Starting a label

Advice on everything from getting your music heard to setting up a label and royalties.

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Starting a label

Post by CaezarZinger »

Hi!

I am trying to start my own label as a producer and I want to know if there is any label owners here. I am not really certain of how and what I’m supposed to do in order to be able to start the label in the first place as far as preparations go. I just wanna know how you got customers and how much payment you take and/or if you have different sums depending on how many songs are being recorded? I want to know all the logistics that has to do with preparing the label so I can start making money on what I truly wanna work with in the future.

I’m also thankful for any tips you can give me!
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Re: Starting a label

Post by blinddrew »

I don't mean to sound rude here, but I think what you have is an idea, what you need is a business plan.
You need to have your own answers to all those questions you ask, and you need them calculated to work out what your returns are going to be.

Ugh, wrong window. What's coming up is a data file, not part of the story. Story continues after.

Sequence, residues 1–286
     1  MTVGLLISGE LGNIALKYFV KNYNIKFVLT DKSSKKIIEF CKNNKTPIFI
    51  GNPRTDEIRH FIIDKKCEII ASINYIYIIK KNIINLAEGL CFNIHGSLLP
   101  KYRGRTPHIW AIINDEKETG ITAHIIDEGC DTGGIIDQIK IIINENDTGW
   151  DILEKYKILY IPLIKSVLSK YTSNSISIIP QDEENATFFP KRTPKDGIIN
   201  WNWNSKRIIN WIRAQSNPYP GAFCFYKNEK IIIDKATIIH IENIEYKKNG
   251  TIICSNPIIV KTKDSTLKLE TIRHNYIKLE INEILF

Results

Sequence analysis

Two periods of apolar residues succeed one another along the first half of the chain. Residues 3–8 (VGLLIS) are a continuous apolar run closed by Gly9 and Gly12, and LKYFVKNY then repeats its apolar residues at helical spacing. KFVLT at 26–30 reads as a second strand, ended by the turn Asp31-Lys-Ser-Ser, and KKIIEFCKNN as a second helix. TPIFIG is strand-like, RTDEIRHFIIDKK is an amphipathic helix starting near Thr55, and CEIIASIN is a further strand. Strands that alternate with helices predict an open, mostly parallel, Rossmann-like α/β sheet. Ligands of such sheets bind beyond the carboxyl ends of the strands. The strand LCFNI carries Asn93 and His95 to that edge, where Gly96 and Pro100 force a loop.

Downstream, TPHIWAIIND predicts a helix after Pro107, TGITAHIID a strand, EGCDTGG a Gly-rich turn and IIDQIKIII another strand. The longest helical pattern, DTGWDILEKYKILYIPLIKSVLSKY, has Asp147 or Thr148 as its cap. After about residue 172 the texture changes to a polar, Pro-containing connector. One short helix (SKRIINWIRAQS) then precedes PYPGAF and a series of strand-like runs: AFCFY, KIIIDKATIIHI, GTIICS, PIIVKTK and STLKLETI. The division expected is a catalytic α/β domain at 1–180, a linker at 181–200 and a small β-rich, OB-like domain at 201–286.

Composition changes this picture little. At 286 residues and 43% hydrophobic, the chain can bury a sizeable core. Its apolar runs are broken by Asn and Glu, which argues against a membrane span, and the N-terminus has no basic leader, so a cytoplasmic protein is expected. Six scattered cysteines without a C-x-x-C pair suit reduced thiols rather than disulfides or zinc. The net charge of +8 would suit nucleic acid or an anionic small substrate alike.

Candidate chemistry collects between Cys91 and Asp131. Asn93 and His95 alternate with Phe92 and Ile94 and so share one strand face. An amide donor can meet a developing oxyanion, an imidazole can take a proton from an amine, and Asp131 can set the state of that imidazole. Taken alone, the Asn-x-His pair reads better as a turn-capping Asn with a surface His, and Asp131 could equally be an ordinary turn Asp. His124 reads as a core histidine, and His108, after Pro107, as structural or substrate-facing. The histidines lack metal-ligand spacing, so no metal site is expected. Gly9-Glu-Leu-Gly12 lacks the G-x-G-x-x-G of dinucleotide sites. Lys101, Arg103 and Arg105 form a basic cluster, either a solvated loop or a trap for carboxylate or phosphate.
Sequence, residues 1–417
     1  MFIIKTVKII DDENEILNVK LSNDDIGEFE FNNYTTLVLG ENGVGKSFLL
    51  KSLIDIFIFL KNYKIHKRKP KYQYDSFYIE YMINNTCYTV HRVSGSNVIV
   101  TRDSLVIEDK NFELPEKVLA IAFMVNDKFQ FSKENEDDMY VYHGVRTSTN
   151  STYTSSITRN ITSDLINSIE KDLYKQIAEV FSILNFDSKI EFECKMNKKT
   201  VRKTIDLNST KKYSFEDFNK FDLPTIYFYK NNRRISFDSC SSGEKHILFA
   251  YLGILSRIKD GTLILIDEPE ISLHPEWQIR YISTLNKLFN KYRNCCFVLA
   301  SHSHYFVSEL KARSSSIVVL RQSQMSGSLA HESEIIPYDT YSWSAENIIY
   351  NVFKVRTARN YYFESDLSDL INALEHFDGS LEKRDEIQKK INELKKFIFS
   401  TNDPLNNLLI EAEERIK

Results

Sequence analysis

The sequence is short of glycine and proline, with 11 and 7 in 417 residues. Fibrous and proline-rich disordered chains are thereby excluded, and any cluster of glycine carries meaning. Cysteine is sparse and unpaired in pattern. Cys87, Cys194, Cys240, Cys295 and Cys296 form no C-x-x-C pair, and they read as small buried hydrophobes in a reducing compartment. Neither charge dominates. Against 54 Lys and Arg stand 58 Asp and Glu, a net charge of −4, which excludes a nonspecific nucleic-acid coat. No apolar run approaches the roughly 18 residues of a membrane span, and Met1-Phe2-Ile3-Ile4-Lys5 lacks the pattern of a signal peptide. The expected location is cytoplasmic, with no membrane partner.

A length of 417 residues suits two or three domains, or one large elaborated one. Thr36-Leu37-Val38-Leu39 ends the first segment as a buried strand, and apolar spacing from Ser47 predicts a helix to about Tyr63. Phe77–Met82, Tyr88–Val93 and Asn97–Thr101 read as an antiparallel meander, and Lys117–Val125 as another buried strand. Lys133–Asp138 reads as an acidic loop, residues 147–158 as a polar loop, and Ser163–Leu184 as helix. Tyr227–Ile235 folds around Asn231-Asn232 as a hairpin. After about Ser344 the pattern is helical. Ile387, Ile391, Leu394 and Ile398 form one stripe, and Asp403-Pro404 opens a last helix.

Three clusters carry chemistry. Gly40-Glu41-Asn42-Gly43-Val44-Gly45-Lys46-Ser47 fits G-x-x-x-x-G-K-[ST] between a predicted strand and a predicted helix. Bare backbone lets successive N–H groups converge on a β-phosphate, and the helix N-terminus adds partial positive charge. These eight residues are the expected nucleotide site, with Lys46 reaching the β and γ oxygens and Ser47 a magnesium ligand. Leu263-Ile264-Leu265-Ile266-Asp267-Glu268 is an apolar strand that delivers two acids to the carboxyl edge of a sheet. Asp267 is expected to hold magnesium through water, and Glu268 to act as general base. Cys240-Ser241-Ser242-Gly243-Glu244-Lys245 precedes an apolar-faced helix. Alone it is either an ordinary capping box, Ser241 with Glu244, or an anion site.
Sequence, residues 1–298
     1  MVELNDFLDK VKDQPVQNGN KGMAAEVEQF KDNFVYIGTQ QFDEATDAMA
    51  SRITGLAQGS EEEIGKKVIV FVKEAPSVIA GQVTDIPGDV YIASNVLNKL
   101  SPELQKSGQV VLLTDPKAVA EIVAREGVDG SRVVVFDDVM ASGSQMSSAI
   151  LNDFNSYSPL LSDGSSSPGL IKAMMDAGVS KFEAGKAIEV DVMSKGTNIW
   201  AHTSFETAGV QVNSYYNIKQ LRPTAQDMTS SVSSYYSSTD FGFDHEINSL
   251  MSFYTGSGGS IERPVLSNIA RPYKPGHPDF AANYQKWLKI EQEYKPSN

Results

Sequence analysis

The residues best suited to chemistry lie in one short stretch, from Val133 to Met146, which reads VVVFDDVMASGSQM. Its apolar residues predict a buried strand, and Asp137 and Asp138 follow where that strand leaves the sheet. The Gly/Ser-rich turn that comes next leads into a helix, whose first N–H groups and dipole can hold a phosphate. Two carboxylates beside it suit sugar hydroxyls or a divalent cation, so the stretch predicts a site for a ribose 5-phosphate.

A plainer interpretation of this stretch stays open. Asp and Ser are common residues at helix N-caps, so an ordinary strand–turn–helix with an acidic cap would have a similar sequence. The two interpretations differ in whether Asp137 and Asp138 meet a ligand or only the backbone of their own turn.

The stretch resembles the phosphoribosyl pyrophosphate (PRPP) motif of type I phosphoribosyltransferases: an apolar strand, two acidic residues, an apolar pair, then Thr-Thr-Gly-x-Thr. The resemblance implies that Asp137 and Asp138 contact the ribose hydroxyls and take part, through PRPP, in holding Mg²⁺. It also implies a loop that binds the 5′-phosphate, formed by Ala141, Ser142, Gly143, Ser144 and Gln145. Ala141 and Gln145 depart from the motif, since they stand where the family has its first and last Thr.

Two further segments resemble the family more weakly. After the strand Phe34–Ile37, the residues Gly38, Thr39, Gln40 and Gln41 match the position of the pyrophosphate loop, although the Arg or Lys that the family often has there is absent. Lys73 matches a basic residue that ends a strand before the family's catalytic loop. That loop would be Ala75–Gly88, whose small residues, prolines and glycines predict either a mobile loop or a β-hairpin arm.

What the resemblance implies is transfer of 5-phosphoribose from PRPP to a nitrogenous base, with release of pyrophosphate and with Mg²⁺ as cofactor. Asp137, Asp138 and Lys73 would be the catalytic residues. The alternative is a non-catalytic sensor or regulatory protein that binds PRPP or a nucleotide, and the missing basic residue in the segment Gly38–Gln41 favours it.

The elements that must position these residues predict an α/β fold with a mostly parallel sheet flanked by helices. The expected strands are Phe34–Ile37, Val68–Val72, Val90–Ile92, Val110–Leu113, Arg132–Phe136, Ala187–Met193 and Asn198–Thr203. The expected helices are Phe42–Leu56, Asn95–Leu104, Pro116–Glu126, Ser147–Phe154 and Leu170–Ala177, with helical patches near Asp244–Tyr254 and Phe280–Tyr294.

You're thinking about entering a saturated and very competitive market, what's your Unique Selling Point (USP)? Why does someone come to you and not the established competition?
You need to be able to articulate why you're a better proposition for the artist, for all the third parties you'll need to work with, and for yourself.
I have worked with a label that thought, "If you build it, they will come." Was as good as a business plan. It wasn't.

Sorry to come across negatively, but you're basically asking, "How do I run a business?" and that's not something that can be answered in a forum post.
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Re: Starting a label

Post by rockydennis »

I have no idea. But taking a quick look on Amazon - there's a few well reviewed books on the very subject. So maybe start there?
https://www.amazon.com/s?k=start+record+label